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This approach worked rather well, except for the occasions when the model failed to detect the facial landmarks required for computing the gaze vector. This was seen to happen in low light conditions, in environments with lots of shadows, in rainy weather, and when there was excessive glare on eye glasses. Thus, a way was required to interpolate between successful detections for the period when no gaze was detected. To do this, the gaze vector was passed through a linear Kalman Filter to interpolate between missed detections, and smooth out the noisy predictions. The Kalman filter took in the point of gaze as a 2D coordinate {x,y} and used a constant velocity motion model to predict the change in gaze over time. To account for the measurement error, the sensor was modelled with an uncertainty of N(0,102) pixels, a value that was empirically found to provide a good balance between minimizing accuracy while maximizing speed of convergence. The result was a real-time gaze tracking system that accurately mapped a user's gaze to the corresponding input state.

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UPDATE 5
Where are you looking?
MAR 9, 2021
By: Saeejith Nair

Summary

While the electrical interfacing and embedded systems work was being done, we were also working on improving the gaze tracking system and overall software pipeline. At first, we trained a machine learning model on the GazeCapture dataset based on the iTracker architecture . Based on a standard CNN architecture, this model was trained to take in cropped images of the left eye, right eye, face, as well as a binary mask indicating the location of the face on the original image, with the network outputting a point on the screen indicating the location of gaze. The following image shows the architecture in detail.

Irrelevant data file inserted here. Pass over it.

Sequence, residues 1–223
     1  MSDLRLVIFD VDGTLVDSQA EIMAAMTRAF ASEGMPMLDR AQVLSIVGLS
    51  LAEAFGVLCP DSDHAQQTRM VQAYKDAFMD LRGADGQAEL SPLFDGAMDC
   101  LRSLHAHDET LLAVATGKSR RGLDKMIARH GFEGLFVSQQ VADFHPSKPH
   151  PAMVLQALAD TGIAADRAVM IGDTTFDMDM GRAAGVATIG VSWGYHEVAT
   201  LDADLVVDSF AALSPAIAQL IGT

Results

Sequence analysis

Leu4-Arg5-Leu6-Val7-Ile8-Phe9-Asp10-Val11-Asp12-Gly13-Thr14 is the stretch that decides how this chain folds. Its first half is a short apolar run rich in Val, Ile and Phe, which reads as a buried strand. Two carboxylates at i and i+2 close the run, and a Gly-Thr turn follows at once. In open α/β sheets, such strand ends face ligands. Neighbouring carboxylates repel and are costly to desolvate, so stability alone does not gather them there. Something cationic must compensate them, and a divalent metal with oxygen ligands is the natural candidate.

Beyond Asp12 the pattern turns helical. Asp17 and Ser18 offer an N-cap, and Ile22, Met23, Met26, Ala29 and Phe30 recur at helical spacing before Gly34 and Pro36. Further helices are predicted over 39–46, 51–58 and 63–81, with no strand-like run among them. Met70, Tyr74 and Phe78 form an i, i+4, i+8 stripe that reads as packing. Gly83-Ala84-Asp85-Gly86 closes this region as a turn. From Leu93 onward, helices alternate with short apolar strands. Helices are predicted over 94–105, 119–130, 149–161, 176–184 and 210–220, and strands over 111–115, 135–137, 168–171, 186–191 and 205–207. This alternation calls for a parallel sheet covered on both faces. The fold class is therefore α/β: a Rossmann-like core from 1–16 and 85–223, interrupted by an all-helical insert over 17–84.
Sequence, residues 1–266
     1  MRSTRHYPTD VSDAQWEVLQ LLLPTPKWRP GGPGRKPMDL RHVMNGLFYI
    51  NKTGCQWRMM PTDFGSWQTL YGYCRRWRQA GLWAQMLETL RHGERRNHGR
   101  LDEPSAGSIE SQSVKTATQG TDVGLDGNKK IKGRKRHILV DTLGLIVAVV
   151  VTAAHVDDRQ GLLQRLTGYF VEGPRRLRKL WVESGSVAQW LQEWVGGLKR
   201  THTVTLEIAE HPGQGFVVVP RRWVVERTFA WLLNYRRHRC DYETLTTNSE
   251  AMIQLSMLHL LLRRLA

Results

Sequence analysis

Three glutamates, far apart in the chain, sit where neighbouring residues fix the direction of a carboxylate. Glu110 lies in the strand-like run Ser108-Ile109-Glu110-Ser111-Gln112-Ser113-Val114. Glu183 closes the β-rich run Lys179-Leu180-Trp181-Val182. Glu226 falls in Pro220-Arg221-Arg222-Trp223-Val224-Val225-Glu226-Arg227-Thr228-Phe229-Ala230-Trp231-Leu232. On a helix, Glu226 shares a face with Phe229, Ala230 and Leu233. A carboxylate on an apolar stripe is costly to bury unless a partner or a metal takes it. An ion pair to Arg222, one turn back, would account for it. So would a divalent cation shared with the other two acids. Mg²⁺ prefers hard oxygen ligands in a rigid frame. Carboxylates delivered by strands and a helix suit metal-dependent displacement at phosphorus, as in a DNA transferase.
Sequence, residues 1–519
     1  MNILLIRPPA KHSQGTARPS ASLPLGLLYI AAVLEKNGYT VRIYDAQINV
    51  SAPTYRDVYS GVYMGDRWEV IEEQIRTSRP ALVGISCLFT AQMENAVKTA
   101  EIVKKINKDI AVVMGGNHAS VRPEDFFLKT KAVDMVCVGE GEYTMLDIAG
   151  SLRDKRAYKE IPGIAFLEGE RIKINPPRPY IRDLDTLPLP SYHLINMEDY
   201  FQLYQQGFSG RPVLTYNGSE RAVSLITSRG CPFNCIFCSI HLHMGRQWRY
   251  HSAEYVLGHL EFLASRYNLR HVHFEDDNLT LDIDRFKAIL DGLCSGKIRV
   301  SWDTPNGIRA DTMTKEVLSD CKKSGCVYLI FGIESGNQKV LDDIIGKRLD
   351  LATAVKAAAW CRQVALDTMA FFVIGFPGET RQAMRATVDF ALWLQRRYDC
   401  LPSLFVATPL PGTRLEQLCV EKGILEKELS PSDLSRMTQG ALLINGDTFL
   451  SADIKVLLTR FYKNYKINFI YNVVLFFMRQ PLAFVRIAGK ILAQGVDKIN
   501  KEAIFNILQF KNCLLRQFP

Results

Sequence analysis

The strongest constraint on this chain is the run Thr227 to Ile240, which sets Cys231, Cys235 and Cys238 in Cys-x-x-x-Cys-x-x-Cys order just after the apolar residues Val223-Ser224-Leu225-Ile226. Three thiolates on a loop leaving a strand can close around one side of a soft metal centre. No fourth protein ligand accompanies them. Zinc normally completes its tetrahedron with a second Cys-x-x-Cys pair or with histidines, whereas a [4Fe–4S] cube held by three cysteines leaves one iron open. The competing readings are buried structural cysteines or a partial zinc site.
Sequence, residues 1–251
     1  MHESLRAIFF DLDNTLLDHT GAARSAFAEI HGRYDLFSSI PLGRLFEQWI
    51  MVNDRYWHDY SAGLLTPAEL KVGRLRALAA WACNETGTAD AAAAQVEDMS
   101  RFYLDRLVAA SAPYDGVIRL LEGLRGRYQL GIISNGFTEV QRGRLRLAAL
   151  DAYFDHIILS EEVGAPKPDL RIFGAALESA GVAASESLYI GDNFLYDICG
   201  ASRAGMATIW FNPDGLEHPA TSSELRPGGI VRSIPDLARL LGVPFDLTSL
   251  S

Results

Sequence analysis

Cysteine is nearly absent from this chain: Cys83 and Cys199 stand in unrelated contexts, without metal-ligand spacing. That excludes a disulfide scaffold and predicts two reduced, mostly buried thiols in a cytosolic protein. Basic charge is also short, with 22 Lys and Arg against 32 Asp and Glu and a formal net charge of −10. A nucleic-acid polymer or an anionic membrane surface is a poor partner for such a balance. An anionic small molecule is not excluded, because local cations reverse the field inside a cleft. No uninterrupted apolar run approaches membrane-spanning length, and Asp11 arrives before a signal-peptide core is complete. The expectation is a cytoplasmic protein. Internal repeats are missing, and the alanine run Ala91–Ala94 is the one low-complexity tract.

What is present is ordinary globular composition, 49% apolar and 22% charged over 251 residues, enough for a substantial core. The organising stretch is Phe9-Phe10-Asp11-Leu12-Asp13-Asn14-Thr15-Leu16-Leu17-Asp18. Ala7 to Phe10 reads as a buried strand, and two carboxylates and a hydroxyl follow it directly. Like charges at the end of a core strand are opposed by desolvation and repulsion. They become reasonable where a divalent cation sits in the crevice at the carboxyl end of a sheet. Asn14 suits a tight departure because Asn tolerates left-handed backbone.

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This trained model yielded good results on the test dataset, however, it failed to perform as well for our use-case. After extensive debugging, it was determined that the root cause was due to irregular detection of facial landmarks (e.g. face and eye bounding boxes given an input image). Due to the difficulty in detecting consistently sized landmarks, the team decided to pivot from our custom trained model to a pre-trained model architecture released by NVIDIA: Few-Shot Adaptive Gaze Estimation.